Tarangire & Lake Burunge

One of Tanzania’s hidden treasures, Tarangire boasts Tanzania’s largest concentration of wildlife outside of the Serengeti and its swamps have some of East Africa’s best bird diversity with one of the largest arrays of breeding birds in the world.

Stunning for its prolific number of ancient baobab trees, its tree climbing lions, and for its large herds of migrating elephant, sometimes reaching 300 strong, Tarangire can almost feel like two different places. During the rainy season, it is green, lush, and wildlife is a little more scattered throughout. However, during the dry season, the only source of water is the Tarandira River and then the density of game rivals anywhere else in East Africa – except perhaps the Serengeti. Though shallow, it draws thousands of animals from the surrounding parched land to drink. Elephants dig into the riverbed to reveal underground water, and clamoring migratory wildlife, including wildebeest, buffalo, zebra, impala, eland, hartebeest and gazelle, gather to drink from diminished lagoons.  Lake Tarandira empties into Lake Burunge, on the outskirts of the park.  The fresh water lake is known as the “brown lake” because of the mud stirred up by its main inhabitants – catfish.  As this area is outside the national park there are many opportunities to undertake activities on foot, whether this is walking, tracking and some camps even offer the opportunity to test your fitness by running with the Maasai.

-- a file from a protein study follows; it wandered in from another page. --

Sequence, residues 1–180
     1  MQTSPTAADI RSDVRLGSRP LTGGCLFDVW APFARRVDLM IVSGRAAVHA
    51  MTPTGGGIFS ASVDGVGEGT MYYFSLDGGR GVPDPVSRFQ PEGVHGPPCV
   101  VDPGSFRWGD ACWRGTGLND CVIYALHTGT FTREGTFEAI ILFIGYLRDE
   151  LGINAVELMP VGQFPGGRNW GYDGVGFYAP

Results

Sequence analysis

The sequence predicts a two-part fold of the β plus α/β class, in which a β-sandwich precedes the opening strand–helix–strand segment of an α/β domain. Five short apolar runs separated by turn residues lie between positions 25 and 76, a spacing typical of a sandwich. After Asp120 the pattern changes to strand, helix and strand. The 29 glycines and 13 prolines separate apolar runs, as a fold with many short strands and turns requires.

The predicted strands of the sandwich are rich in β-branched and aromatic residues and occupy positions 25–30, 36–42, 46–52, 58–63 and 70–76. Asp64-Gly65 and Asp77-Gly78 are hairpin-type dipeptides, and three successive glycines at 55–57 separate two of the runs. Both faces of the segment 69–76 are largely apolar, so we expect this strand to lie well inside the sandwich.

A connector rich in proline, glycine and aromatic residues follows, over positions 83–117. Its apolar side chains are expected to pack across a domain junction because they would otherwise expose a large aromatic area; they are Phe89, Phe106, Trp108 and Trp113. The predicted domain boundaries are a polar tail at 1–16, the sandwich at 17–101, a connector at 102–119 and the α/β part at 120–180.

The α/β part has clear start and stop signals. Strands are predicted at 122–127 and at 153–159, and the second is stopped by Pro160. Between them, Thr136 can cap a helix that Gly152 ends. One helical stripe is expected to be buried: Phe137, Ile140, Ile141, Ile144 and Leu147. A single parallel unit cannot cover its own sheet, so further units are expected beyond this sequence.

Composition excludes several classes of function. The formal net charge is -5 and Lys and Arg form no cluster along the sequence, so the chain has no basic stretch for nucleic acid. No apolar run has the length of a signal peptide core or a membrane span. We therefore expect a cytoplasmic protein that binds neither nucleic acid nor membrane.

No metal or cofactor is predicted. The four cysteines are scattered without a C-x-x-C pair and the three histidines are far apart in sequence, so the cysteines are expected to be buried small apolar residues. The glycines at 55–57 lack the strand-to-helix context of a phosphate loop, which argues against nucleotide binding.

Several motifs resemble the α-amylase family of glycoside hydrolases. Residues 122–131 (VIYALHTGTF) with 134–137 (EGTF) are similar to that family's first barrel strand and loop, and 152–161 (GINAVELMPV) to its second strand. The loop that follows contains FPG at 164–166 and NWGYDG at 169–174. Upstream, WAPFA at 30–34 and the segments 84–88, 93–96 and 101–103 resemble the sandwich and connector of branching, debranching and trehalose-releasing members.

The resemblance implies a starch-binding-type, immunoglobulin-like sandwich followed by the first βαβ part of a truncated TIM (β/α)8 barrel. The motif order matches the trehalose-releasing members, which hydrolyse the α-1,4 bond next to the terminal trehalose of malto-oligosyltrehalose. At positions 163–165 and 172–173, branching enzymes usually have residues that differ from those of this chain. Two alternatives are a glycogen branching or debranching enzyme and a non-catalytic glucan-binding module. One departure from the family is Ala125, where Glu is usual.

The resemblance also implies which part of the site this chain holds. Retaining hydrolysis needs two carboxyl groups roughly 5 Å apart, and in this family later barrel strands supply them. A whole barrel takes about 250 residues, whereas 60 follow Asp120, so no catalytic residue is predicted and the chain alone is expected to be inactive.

At just over 1,000 square miles, Tarangire is a breath of fresh air from the sometimes frenetic northern circuit and offers a freedom of experience that is rarely available in other national parks in Tanzania. A walking safari can last up to several hours and immersed in nature, observing elephant and other wildlife on foot or fly camping under the stars is to truly experience why Tarangire is not to be missed. Night drives to seek out nocturnal species and predators always gets you closer to the unique wildlife and immersed in the specialness that is Tarangire.

Those camps and lodges based within the National Park are renowned for their quiet and seclusion.  Those outside the park have been chosen for their unique experiences – for example, lakeside views or rooms elevated above ground affording views over the tops of the surrounding marula and baobab trees.